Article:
3. During refinement of low-resolution structures, the problem of fixing scale and B-factors for protein and solvent models may be somewhat underdetermined, especially when the solvent model is the same as the protein model (Babinet-type approach used in REFMAC, see Kostrewa's article in the September 1997 CCP4 newsletter, and earlier work e.g. Fraser et al. 1978), and an arbitrary choice of some parameter can make the process more robust. From the refmac documentation:
    SCALe LSSC FIXBulk SCBulk <scbulk> BBULk <bbulk>
    [Lower resolution structures may not have sufficient data to find sensible overall scales and B values for both the BULK and the protein component. It can help to fix these.]
Suggestions/recommendations from this reader:

Another reader suggests that the low correlation between B-factor and resolution may be partly due to the following: small crystals collected on an in-house source might diffract only to 3.0Å while still being well ordered (i.e. low B-fators). From a large crystal using synchrotron radiation you may be able to reach 2.0Å even though it has higher B-factors.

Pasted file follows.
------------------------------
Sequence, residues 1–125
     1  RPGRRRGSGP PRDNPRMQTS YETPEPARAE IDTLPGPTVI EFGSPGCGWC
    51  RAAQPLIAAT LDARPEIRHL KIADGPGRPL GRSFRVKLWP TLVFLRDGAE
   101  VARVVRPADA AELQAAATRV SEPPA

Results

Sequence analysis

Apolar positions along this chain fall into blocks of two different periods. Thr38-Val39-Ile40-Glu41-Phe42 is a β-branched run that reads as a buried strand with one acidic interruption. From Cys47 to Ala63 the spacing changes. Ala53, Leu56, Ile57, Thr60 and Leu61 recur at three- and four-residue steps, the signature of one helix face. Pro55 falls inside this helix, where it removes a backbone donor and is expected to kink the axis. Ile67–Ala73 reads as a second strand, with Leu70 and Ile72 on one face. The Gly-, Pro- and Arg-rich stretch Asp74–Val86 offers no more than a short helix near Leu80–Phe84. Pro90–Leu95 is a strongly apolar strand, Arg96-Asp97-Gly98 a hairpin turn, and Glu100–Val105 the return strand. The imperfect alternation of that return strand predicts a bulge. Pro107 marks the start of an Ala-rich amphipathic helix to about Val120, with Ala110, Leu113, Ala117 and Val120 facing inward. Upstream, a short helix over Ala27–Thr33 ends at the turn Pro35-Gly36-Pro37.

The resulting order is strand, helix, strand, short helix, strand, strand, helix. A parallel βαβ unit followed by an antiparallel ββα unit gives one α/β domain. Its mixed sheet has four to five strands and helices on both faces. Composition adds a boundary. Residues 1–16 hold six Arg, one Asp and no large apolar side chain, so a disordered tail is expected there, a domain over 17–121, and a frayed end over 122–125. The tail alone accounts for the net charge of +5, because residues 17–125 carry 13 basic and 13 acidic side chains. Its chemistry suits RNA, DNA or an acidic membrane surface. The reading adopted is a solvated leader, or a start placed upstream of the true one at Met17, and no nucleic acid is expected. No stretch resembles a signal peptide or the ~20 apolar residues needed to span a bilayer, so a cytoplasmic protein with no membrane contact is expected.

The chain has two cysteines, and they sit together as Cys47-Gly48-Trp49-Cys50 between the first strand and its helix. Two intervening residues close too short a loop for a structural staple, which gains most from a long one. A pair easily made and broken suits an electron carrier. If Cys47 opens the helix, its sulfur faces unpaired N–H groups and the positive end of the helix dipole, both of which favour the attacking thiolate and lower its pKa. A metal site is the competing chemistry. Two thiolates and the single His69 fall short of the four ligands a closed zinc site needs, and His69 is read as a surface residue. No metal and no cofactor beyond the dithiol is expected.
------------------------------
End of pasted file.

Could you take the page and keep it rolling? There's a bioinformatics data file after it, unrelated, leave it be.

The first reader reacts:
To be sure, if factors like size of the crystal and synchrotron source were far more important than B-factor in determining resolution, the CC might be negligible. But I think the opposite is the case. First of all I have a gut feeling that if my lousy crystal diffracts to only 3Å, dropping the B-overall to 10 would give a greater improvement than making the crystal 10x bigger or going to the hottest synchrotron in the world. (Unfortunately dropping the B-overall is the most difficult approach to take, unless we find a better crystal form.)
Slightly more quantitatively, say B-overall for the structures range from 10-70. At 2Å, and if I haven't dropped a factor of 2 somewhere, that makes a 1,808x difference in intensity.
Say scattered intensity is proportional to the number of ordered electrons in the beam. Going from an 0.1 mm crystal to a 1 mm crystal would give 1000 times the intensity, but I wouldn't expect such a dramatic improvement in resolution, partly because much of the background is from scattering by the crystal, and would increase nearly in proportion. Also that intensity is spread out over a bigger spot, so peak intensity is increased by a smaller factor.